Fees and donations to the Trust for Public Land, which brokers sales of land to the state, are questioned.
Duck hunting is excellent along the 2,000-acre parcel that Crow Wing County, with the help of the Trust for Public Land and the Lessard-Sams Outdoor Heritage Council, is considering purchasing to protect forever.
Minnesota officials are taking a critical look at fees paid to the Trust for Public Land, a respected national nonprofit, as part of its efforts to broker state land purchases for conservation.
The latest example is Mississippi Northwoods, a proposal to buy 2,000 acres of sprawling forest in central Minnesota. The purchase has the personal endorsement of Gov. Mark Dayton and is being described as a "signature" proposal as legislators consider the latest round of state Legacy spending on outdoors projects.
But the plan includes a potential $561,000 payment to the trust from the landowner, the Potlach forest products company, which would receive up to $14 million to sell the property to the state.
Bob McGillivray, a senior project manager for the trust, said the group's costs in assisting with the land sale "exceed $250,000," and that money not used to cover expenses would go to its other projects in Minnesota. McGillivray insisted that the payment was not taxpayer money, but rather part of a private agreement between Potlach and the nonprofit.
Rep. Jean Wagenius, DFL-Minneapolis, is skeptical.
"It's a very nice gig," Wagenius said at a House hearing last Tuesday, "but I question its appropriateness for state taxpayers. In fact, it's taxpayer money."
Records show that the trust, while involved in other state-funded land acquisition projects, has been collecting fees and "donations" in excess of its actual expenses. One report last year from the group, detailing its work on a 200-acre land purchase in Otter Tail County, said it received a $150,000 fee from the landowner, had $78,778 in project expenses, and that part of the excess money went into the group's "Land for People mission."
That mission, according to trust documents filed in the case, includes "overall conservation work in Minnesota including: public outreach and education on land conservation issues; coalition and partnership initiatives, meetings and reporting."
Susan Schmidt, the nonprofit's state director, said that while the group mostly does traditional land conservation, "perhaps one out of 50 times" it is asked to bring about a land sale. "We're asked to be involved, if you will, to lead, coordinate and facilitate the objectives of the different parties," she said.
Schmidt and McGillivray said the group was simply being reimbursed for costs that other nonprofits charged directly to the state, and that their organization had to absorb many other expenses not listed in state reports.
But Wagenius argued the trust was likely being brought in by landowners to help the sellers obtain a tax break from dealing with a nonprofit, and that the group was in turn carving out its own beneficial arrangement.
A study by the Legislative-Citizen Commission on Minnesota Resources, another state panel that distributes environmental money, shows that since 2007 the panel has paid $16.2 million for land transactions involving the trust -- and that the nonprofit got $1.1 million in fees. But the study showed that the group's expenses totaled just $386,745. The rest of the money, $728,380, went to "non-project efforts," the study said.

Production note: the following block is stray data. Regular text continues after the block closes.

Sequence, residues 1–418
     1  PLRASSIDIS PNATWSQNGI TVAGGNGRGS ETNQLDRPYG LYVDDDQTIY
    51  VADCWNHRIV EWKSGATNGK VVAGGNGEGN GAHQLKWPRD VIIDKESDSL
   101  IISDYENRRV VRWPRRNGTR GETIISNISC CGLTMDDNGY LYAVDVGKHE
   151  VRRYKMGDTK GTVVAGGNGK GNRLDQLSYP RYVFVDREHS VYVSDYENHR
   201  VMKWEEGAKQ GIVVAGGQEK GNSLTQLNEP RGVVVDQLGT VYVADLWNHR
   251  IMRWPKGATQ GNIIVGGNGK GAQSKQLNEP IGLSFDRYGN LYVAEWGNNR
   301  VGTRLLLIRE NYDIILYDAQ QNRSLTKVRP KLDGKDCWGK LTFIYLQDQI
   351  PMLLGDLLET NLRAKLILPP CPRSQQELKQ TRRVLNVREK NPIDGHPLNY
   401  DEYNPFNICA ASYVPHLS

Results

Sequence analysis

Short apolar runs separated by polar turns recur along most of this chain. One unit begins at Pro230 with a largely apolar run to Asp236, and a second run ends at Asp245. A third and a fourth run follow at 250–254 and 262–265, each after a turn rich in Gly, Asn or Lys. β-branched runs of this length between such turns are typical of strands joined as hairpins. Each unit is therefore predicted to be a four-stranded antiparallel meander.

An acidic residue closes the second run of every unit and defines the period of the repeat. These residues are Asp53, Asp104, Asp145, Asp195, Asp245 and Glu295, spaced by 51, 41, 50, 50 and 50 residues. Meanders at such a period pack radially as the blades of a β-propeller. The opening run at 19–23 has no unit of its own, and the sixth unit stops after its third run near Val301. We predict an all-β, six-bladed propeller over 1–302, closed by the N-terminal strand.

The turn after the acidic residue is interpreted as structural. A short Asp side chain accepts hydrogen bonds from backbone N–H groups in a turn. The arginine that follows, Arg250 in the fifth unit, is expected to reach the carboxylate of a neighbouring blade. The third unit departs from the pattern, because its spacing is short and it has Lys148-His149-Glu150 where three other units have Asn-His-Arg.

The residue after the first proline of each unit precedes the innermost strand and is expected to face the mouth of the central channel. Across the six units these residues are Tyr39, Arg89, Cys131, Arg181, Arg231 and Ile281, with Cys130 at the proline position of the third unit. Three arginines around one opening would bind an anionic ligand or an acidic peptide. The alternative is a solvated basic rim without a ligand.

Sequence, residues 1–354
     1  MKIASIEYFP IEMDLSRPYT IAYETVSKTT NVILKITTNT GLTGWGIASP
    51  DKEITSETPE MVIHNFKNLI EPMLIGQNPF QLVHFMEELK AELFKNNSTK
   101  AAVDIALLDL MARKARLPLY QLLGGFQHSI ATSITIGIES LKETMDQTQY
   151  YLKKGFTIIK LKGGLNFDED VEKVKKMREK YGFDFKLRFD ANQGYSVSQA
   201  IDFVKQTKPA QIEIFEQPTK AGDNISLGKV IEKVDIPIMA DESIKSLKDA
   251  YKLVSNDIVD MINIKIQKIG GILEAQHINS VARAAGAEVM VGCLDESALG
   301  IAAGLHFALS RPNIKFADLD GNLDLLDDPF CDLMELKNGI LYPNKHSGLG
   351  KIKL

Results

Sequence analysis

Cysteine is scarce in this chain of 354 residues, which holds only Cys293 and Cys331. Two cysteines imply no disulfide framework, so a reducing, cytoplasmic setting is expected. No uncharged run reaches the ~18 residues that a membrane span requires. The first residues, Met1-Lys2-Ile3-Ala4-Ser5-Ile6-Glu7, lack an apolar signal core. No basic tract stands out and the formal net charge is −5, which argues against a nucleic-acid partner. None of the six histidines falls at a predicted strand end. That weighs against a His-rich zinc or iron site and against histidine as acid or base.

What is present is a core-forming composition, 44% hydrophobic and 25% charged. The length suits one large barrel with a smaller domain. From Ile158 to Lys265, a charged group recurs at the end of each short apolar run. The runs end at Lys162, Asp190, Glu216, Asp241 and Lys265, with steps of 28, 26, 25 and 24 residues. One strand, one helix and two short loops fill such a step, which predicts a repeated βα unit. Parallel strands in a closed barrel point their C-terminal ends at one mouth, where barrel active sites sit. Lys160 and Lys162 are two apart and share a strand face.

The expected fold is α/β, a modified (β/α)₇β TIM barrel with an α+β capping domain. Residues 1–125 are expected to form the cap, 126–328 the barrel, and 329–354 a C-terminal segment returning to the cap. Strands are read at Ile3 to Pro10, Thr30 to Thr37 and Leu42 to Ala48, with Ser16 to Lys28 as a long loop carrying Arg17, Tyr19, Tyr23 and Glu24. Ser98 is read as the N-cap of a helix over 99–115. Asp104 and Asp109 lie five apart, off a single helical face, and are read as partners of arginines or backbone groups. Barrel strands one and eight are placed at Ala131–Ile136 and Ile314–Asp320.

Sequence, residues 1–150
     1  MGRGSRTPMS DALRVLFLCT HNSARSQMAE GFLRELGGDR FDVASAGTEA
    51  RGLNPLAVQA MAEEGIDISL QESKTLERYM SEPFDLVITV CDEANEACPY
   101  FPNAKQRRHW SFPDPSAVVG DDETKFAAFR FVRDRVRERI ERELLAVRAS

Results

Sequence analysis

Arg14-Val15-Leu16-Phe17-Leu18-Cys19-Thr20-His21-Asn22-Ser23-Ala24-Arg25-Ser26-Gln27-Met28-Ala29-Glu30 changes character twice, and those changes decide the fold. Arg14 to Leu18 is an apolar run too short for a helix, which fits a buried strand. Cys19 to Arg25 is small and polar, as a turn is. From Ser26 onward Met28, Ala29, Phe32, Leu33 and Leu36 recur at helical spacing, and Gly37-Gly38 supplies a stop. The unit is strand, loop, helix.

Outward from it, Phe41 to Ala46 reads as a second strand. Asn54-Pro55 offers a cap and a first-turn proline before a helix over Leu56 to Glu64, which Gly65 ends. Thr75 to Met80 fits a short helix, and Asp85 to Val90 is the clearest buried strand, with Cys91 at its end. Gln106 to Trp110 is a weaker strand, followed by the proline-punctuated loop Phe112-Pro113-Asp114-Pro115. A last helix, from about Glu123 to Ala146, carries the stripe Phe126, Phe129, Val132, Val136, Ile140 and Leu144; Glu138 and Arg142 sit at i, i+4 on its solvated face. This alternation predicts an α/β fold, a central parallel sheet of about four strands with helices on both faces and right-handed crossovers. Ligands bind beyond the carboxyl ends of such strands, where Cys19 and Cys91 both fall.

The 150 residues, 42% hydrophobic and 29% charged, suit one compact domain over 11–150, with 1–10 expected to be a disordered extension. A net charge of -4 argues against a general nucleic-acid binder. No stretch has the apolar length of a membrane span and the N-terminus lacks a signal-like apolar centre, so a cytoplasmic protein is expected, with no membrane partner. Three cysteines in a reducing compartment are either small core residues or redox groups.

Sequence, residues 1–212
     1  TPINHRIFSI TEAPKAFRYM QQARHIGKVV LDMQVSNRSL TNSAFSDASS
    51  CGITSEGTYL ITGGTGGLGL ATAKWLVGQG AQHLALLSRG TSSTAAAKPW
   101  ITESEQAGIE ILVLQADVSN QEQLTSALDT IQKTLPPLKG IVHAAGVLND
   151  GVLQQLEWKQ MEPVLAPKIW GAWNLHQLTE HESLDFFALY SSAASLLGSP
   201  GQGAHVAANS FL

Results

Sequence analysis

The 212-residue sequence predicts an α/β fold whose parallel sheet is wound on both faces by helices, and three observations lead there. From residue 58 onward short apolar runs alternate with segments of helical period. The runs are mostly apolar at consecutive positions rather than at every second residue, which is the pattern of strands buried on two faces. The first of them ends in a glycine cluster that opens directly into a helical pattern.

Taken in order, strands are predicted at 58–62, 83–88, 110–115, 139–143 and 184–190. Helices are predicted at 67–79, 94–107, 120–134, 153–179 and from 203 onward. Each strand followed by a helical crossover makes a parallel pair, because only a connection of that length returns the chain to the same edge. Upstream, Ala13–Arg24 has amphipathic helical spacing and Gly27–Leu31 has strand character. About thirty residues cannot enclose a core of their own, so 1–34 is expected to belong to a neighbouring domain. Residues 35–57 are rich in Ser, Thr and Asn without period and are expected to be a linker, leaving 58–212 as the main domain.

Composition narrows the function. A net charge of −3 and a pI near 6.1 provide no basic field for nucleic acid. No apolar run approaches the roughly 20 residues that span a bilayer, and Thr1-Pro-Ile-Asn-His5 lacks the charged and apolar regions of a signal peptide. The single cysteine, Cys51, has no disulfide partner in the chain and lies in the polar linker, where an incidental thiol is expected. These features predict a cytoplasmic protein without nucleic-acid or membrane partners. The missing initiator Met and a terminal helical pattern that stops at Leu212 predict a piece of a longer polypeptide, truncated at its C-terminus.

Trust officials disputed the study, saying parts were misleading.
'A huge number'
Rep. Denny McNamara, R-Hastings, chief House author of the bill that contains the Mississippi Northwoods purchase, said Monday he's unsure the project will survive legislative scrutiny. "Personally, $14 million is a huge number for me," he said.
McNamara said the project is under review, and said he did not feel "comfortable the votes are there" to move forward in a key House panel.
At hearings last week, state officials said the trust would get 4 percent of the eventual sale price for Mississippi Northwoods. Critics argued that the nonprofit, by leading the land's preliminary appraisal, was in an enviable position: The higher the appraisal, the bigger its fee.
Other legislators noted that the land, which lies between an airport and a landfill, is valued at only $4.1 million by the Crow Wing County assessor. Trust officials were, however, able to convince the Lessard-Sams Outdoor Heritage Council, a state advisory group that recommended $14 million for the project, that the appraisal was likely to be closer to $14 million.
In an attempt to curtail excessive payments to the trust and Potlatch, state officials have asked that the sale price not exceed a final appraisal, and that state officials be involved.
Despite the controversy, many outdoors advocates and state officials said the Northwoods property is an environmental jewel. The property includes nearly three miles of Mississippi River shoreline, and Dayton said in a letter to legislators the land was “some of the finest habitat in central Minnesota.”
Legislators, however, retain doubts. “There still seems to be a large difference,” said Rep. Ryan Winkler, DFL-Golden Valley, noting the wide gap between the county assessor’s valuation and the Trust’s appraisal. “It’s more than three times” as much.
Winkler also said he could not tell the Trust’s role in such transactions. “I’m confused about whose role is what,” he said.
“We have been very honest,” said Becca Nash, the non-profit’s project manager for Mississippi Northwoods.
Mike Kaszuba • 651-222-1673